This article was originally posted on RealClearScience.
As a species, we have much to be proud of: We have tamed the wild beasts, we have built wonders of the world, and we have landed on the moon. Of course, we believe that we are quite deserving of our privileged position. After all, we won the evolutionary arms race, climbing and clawing and intellectualizing our way to the top of the food chain over the course of millions of years.
But that widely held belief is actually wrong. Humans aren’t at the top of the food chain. In fact, we’re nowhere near the top. Ecologists rank species by their diets using a metric called the trophic level. Plants, which produce their own food, are given a rank of 1. Herbivores, which eat only plants, are ranked 2. The fiercest of meat-loving predators, such as killer whales, rank at 5.5.
So, where do humans rank? A team of French researchers set about calculating the human trophic level (HTL) for every country for which data is available, and their results were published in PNAS. They found that the global HTL average is a measly 2.21, which puts the human diet on par with pigs and anchovies. A trophic level of 2.5 would mean that the human diet was split evenly between plants and herbivores (e.g., cows), so a diet of 2.21 means that we eat far more plants than herbivores. However, as poorer countries such as China and India become wealthier, they choose to eat more meat. As a result, the global HTL has been increasing and will likely continue to do so.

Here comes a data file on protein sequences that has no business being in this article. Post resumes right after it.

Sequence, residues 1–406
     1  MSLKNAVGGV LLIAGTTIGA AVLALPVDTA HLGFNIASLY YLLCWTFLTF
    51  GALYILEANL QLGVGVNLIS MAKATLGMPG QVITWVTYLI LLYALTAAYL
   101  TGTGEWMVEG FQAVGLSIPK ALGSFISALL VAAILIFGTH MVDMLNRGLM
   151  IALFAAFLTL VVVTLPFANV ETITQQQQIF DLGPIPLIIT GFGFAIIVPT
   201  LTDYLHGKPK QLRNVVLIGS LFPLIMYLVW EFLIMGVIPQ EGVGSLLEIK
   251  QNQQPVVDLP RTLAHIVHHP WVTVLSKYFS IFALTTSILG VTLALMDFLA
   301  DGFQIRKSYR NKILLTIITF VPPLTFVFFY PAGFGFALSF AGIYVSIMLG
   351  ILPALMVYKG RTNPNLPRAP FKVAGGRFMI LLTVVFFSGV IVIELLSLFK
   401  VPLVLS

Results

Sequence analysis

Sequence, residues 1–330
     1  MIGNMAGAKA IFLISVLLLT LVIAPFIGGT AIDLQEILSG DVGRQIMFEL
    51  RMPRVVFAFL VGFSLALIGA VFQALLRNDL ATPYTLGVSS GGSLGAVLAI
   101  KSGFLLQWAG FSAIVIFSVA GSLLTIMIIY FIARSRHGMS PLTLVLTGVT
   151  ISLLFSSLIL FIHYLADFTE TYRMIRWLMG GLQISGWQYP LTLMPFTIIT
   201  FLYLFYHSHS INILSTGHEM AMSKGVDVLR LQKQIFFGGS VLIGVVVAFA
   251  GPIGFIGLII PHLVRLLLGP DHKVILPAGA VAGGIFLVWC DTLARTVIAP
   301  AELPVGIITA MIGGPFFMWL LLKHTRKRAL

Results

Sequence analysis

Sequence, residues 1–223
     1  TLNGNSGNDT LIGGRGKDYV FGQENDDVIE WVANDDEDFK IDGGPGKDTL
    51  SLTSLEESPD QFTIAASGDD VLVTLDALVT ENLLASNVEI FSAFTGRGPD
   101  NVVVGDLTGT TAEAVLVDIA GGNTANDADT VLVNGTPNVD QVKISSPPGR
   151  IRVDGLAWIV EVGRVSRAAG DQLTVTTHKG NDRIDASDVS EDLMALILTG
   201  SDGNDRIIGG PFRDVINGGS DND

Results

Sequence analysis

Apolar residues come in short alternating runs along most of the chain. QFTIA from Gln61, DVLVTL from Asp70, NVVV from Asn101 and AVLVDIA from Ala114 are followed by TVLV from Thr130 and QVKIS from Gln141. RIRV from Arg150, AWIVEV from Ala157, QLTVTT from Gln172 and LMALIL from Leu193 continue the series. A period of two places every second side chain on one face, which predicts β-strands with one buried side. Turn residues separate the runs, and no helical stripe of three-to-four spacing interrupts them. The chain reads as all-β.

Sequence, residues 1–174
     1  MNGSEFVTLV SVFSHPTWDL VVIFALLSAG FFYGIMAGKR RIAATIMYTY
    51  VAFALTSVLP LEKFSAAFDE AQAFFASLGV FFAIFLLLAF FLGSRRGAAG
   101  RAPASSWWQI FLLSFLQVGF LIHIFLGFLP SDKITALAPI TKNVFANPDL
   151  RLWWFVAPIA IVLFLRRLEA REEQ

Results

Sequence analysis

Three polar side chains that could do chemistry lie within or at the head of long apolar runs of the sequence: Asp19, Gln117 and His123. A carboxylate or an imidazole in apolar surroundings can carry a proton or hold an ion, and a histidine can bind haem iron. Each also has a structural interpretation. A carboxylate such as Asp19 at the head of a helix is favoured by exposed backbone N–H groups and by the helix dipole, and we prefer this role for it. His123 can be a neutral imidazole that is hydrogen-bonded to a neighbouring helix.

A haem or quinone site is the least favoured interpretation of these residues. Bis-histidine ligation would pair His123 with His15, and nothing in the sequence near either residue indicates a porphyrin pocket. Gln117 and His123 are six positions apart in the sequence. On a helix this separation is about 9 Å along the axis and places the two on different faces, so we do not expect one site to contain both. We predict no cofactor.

How do countries compare to each other? There are certainly some interesting results in the data. (See figure.)
As expected, Africa and southeast Asia, have relatively low HTLs. The United States and western Europe have relatively high HTLs. But the highest HTLs go to countries like Mongolia, Sweden and Finland, where diets are mostly fish- and meat-based and vegetables are largely an afterthought.
ALF, our loveable, cat-eating friend from the planet Melmac, would feel quite welcome in those societies. In regard to vegetables, he once said, “That’s not food. That’s the stuff food eats.”
Source: Sylvain Bonhommeau, Laurent Dubroca, Olivier Le Pape, Julien Barde, David M. Kaplan, Emmanuel Chassot, and Anne-Elise Nieblas. “Eating up the world’s food web and the human trophic level.” PNAS. Published online ahead of print: 2-Dec-13.